The decision to adapt the GOAL for children with LDs, as opposed to creating an entirely new measure, was made for several reasons. The content of the original GOAL was generated, in part, from review of existing outcome measures that included measures previously used for children with LDs (i.e., ASK [36] PODCI [13]). Further, working from the GOAL as a template required a shorter time frame than creating a new measure. The use of cognitive interviews in our study, and the opportunity for children, their parents, and HCPs to provide suggestions for modifications and new items, ensured the adaptations through the various iterations of the GOAL-LD were well informed. Cognitive interviewing is a critical component of outcome measure development that strongly complements field-testing of a questionnaire [28]. Children in this study were keen to talk about their personal experiences related to their LD and six new item suggestions were generated in this manner (e.g., wearing my choice of clothing, standing for a long time).

Domains that consistently performed well and required minimal content adaptation were B) Pain/Discomfort/Fatigue and F) Body Image and Self-Esteem. Moreover, these items were rated as the most important goals across all versions of the GOAL. This makes sense because for many children and their parents, eliminating the visible deformity and its psychosocial consequences is their primary motivation for reconstructive surgery [7, 37].

Of the seven new items added, two relate to adaptations not typically used for children with CP (i.e., use of a shoe-lift, and use of a prosthesis). Concern that some of the language might be too difficult was reflected in HCPs’ comments but was not substantiated by children’s responses in cognitive interviews or during questionnaire completion. While half the HCPs believed that the length of the GOAL might present a challenge, most children felt it was appropriate. This highlights the importance of involving the intended respondents in the development of PROMS. The questionnaire is intended to be self-administered by children with LD and their parents and completed at home or in the out-patient waiting room, so that the time required to complete the questionnaire (range: 12–19 min) should not be difficult to accommodate, even in high-volume clinical settings.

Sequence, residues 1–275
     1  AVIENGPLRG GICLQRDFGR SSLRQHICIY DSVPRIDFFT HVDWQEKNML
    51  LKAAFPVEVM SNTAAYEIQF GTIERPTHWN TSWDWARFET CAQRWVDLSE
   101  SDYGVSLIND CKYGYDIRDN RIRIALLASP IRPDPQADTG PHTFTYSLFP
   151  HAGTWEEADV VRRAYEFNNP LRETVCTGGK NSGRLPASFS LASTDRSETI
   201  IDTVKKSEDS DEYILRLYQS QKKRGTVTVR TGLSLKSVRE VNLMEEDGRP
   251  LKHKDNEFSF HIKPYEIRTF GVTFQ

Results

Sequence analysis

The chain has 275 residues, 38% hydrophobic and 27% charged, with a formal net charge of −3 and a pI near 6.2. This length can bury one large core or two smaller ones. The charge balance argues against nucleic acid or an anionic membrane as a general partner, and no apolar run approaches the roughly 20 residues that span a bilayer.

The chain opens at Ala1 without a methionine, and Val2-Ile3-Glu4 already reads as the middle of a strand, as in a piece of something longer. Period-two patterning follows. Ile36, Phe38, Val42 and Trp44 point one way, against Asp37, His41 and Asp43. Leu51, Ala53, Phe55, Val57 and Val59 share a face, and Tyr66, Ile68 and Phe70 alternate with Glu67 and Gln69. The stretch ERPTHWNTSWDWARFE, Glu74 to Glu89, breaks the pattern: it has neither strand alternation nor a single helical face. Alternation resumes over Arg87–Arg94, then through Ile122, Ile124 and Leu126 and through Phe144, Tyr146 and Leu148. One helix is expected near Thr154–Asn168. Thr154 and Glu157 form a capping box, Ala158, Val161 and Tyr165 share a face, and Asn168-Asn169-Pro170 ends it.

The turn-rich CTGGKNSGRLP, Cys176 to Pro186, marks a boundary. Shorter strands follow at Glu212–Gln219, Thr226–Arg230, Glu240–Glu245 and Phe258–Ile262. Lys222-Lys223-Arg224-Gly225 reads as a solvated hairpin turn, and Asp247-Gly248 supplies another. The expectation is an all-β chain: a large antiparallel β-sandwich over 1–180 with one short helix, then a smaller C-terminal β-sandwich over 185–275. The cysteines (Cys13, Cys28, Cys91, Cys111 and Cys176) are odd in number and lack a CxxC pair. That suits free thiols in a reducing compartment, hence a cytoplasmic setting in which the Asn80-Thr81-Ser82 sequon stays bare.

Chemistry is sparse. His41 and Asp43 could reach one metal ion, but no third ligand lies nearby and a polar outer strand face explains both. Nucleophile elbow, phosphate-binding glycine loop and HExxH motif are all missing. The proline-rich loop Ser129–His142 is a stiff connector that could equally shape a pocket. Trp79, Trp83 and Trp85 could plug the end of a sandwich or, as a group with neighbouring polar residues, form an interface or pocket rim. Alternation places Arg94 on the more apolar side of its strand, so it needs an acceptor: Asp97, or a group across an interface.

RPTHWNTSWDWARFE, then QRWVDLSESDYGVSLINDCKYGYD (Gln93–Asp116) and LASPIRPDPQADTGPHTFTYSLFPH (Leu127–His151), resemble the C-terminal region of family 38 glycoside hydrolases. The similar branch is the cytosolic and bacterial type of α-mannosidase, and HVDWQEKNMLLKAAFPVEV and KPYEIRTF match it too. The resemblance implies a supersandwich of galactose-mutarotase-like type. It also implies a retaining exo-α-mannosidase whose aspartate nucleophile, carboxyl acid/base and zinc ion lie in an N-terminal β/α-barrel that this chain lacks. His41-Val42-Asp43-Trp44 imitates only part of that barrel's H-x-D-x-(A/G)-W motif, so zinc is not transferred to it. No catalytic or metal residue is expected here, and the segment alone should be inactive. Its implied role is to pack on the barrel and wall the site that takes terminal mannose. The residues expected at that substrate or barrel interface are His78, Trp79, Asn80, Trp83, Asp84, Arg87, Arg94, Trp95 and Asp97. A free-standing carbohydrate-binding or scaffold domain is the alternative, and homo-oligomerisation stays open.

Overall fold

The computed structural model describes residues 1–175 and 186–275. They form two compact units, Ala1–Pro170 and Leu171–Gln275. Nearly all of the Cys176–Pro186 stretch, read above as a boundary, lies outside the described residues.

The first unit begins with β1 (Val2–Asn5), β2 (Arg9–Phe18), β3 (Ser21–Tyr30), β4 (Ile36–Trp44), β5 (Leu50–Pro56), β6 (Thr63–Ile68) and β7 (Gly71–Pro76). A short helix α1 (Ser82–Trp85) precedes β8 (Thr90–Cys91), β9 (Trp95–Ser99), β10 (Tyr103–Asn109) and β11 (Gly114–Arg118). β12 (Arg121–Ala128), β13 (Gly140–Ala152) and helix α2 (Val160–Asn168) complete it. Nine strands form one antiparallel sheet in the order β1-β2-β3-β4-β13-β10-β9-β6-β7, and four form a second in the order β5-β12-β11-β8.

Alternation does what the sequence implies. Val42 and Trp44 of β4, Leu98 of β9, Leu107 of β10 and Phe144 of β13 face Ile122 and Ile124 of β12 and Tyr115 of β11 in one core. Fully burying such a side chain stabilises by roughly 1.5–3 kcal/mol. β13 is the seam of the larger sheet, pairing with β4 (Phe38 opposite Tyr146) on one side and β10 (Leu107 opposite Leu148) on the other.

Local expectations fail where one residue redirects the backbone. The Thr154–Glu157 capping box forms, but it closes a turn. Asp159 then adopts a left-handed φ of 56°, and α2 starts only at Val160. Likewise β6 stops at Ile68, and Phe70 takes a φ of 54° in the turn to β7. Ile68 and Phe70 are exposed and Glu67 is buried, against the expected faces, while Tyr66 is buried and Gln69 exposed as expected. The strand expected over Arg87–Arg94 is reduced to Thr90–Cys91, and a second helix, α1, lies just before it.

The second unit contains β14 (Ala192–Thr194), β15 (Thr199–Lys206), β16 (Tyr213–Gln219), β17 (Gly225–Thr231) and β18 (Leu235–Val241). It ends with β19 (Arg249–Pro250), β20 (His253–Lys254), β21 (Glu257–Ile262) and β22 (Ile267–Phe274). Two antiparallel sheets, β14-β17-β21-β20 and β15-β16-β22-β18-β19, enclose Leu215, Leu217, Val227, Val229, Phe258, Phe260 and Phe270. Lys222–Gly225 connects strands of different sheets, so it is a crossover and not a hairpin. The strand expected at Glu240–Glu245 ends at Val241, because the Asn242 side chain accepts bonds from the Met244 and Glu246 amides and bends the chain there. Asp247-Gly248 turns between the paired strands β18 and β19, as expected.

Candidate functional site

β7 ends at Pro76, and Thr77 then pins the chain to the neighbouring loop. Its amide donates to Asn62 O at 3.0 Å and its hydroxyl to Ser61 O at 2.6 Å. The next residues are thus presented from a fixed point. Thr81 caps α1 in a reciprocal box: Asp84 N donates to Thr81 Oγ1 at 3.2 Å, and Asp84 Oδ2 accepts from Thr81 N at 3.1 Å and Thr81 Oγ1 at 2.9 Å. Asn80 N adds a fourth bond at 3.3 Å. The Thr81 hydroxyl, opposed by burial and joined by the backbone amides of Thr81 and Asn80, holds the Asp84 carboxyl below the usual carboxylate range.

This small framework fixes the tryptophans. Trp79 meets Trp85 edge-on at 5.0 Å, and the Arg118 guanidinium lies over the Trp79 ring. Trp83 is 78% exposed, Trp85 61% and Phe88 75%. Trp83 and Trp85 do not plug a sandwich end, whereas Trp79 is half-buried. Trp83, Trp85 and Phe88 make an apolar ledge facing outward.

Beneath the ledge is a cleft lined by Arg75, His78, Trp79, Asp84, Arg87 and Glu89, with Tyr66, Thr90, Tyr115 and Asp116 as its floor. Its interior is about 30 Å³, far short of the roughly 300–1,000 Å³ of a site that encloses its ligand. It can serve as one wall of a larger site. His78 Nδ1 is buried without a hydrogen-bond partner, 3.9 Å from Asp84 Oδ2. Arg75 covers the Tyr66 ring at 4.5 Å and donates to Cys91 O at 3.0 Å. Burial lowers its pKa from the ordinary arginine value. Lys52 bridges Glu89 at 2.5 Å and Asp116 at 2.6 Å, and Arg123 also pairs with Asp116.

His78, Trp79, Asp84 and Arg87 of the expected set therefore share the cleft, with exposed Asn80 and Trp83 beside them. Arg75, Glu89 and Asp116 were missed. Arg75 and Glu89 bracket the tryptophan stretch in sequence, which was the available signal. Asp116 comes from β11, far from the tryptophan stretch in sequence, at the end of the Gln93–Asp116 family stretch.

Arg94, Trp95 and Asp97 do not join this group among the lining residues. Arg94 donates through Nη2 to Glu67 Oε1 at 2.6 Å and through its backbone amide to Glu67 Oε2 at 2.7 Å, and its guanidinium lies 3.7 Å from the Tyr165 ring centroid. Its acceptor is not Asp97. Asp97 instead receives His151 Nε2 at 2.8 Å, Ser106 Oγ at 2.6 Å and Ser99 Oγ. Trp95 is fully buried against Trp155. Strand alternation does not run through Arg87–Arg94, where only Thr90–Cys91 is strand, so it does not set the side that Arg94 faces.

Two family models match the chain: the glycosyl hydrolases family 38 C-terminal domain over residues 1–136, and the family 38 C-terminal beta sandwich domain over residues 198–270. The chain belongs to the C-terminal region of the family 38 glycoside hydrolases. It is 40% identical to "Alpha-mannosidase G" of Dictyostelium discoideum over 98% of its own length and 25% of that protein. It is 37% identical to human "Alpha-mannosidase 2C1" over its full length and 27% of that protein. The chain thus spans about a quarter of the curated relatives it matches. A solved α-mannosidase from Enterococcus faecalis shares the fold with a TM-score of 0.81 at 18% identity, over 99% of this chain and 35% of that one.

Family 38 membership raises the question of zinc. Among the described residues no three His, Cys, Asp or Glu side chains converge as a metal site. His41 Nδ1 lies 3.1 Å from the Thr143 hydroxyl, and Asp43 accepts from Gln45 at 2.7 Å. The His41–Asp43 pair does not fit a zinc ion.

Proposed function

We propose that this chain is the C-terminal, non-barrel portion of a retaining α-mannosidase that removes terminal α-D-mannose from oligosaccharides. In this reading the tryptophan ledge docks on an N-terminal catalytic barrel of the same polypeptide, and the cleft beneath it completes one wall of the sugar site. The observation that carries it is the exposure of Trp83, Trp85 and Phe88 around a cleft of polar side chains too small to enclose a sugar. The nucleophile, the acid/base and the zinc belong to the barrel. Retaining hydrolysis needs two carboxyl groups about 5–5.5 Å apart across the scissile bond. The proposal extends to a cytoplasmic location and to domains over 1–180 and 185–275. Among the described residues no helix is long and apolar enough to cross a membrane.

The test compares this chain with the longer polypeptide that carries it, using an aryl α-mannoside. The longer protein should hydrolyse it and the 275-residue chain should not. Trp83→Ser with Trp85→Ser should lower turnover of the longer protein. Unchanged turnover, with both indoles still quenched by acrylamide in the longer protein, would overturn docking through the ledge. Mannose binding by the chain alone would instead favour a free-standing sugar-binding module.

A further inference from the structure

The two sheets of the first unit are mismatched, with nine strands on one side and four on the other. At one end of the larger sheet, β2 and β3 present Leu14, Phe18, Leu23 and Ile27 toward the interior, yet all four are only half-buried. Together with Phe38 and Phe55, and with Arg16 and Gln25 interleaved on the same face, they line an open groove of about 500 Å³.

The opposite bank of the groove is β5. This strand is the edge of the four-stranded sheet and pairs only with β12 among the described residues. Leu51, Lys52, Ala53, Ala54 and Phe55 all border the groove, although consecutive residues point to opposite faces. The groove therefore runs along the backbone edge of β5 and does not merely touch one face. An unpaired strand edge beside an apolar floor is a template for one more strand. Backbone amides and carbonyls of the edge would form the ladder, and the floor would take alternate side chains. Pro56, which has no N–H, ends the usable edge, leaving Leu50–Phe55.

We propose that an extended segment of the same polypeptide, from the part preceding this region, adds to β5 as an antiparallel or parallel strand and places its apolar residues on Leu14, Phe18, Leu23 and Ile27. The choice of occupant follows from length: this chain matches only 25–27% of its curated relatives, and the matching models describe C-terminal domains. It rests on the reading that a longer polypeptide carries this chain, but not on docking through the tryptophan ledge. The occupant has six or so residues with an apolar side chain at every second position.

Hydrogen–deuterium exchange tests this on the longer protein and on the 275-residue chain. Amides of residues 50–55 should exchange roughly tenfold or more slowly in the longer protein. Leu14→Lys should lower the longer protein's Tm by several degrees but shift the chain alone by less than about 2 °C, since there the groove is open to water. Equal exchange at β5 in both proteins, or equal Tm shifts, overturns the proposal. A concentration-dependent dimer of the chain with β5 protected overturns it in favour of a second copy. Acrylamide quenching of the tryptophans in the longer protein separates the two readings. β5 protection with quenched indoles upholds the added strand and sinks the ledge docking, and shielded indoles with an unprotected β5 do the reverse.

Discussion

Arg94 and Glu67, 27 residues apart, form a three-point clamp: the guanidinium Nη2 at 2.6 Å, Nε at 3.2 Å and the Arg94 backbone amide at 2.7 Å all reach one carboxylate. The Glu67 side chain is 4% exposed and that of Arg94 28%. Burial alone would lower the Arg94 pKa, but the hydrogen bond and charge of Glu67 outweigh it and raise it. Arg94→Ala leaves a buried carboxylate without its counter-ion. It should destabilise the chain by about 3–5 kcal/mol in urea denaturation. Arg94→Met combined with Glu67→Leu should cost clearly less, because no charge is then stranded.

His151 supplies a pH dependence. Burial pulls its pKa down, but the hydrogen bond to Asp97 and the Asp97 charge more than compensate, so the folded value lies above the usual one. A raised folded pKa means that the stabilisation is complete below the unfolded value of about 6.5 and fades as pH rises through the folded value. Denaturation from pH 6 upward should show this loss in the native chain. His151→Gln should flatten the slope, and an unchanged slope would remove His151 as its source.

The GOAL-LD was developed in children aged 9–18 years of age. For children under 9 years, one would expect the parent version to prevail, although some younger children might be able to self-report or complete the questionnaire with the help of a parent. This would need to be established in future validation work. The child version of the GOAL-LD captures the patients’ lived experience. The parent version captures the parent/s’ perspective of their child’s experience, including the child’s symptoms as observed by the parents or reported to them by the child. Considering the unique perspectives of children with LD and their parents reflects a family-centered care view in which both the patient and the parent each have the opportunity to collectively guide healthcare decision-making.